2. Preferential treatment or integration of Elsevier products within Interfolio. If pursued, Elsevier’s preferential integration of its own products within Interfolio (particularly those related to research assessment) could drive Interfolio institutions to adopt Elsevier products over competitors’ offerings. This would be a significant step toward an Elsevier platform model where institutions could be pushed to adopt an integrated product ecosystem and, as a result, would find it increasingly difficult to select different vendors for different needs.
  3. Significant shifts in pricing for Interfolio or Elsevier research analytics products. Given Elsevier’s strong position in multiple markets, the company may consider providing some products at below-market prices in order to weaken competitors and clear the path for future price increases. For example, if Elsevier were to discount its research analytics products for Interfolio users, such a move could weaken Elsevier’s largest rivals, drive small firms from the market, and discourage the launch of new entrants. Alternatively, if Interfolio provides Elsevier with a sufficient market advantage, the company may move directly to raise prices at a faster rate of increase.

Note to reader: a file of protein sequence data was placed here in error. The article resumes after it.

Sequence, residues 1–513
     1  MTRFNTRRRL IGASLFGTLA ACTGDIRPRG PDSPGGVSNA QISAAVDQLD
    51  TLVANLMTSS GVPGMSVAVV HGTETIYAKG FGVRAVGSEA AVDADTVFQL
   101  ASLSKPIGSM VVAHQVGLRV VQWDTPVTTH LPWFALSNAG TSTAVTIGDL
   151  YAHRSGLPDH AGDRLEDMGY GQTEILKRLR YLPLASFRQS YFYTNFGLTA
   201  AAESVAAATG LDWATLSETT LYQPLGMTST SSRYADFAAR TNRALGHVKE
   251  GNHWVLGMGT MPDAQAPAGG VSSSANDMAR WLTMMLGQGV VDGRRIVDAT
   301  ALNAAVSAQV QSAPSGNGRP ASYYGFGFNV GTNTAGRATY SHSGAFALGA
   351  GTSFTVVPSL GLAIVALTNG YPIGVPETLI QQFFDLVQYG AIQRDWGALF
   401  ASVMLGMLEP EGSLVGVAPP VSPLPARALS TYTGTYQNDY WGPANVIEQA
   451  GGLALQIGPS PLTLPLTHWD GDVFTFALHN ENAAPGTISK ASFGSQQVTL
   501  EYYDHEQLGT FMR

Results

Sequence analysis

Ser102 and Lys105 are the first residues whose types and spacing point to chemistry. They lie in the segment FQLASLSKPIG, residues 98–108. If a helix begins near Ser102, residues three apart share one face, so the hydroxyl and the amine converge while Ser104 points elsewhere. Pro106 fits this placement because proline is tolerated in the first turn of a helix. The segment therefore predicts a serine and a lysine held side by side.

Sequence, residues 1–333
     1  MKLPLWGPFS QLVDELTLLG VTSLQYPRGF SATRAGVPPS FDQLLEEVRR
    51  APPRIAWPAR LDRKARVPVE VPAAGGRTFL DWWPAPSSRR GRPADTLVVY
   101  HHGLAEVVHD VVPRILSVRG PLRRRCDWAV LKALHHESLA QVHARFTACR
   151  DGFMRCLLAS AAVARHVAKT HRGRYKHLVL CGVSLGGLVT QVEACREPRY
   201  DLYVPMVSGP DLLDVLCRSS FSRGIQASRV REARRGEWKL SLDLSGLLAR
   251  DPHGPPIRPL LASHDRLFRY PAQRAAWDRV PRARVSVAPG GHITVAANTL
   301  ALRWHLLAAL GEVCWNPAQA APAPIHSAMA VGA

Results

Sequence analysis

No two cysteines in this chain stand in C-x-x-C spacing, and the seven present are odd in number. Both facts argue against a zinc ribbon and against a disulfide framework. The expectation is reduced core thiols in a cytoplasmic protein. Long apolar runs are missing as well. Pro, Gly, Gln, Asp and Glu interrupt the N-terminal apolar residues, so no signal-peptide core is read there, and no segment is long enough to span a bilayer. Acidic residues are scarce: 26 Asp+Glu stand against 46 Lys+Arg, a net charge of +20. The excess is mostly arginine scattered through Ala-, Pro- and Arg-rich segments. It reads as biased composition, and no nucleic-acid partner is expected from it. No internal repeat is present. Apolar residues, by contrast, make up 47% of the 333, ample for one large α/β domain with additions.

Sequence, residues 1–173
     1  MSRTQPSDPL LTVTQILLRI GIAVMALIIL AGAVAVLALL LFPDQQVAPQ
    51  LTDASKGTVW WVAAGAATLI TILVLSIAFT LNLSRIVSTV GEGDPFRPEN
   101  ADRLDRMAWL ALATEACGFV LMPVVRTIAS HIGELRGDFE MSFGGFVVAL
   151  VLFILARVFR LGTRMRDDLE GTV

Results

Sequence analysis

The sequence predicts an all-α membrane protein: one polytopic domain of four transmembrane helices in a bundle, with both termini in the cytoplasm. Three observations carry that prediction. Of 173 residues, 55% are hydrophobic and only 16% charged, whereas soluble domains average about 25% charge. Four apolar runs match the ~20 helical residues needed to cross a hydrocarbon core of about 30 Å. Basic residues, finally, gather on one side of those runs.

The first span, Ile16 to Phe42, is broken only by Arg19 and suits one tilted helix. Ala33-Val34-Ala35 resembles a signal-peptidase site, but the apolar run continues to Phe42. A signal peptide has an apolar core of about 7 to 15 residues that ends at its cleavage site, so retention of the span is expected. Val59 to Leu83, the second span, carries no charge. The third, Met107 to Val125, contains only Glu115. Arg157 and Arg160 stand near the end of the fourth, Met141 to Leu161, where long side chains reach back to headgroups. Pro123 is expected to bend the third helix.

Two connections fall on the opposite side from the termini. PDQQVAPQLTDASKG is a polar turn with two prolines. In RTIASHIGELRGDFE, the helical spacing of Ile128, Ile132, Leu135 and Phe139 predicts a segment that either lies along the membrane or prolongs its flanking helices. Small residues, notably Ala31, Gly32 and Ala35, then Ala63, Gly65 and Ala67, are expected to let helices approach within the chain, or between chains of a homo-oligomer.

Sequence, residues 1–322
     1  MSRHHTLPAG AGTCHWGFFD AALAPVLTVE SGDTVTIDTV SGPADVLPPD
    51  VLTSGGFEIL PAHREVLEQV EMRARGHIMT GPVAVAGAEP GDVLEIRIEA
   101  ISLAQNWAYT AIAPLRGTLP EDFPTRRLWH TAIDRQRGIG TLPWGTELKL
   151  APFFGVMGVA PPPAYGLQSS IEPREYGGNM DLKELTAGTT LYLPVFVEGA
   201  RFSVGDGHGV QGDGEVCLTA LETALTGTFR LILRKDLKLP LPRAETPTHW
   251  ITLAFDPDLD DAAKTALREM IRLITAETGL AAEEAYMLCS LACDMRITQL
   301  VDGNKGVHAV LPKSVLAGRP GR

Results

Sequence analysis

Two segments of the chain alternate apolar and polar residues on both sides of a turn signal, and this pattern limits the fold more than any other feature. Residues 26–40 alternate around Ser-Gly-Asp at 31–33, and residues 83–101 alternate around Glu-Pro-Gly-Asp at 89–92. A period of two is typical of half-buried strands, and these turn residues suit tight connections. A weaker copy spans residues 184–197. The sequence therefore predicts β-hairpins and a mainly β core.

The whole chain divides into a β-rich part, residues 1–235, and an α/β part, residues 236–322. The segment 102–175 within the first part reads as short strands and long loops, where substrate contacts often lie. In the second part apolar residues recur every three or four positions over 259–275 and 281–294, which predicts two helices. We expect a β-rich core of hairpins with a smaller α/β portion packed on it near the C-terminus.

4. Interfolio customers shifting to Elsevier research analytics products over competitors’ offerings, or conversely, current Elsevier research analytics customers adopting Interfolio. In the points above, we describe possible ways Elsevier could leverage strengths in one market to advantage itself in others. Tracking how decisions about using Elsevier products occur in practice will be important in determining how these threats to competition are playing out. If your institution is making this switch, please consider sharing your experience with SPARC.  
  5. Elsevier marketing products directly to other university units in ways that undermine libraries. We are aware of instances where Elsevier has directly approached university administrators and faculty in ways that undermine the library’s goals during journal subscription negotiations. The Interfolio acquisition will expand Elsevier’s opportunity to strengthen direct relationships with administrators and to engage in behavior that could negatively impact libraries.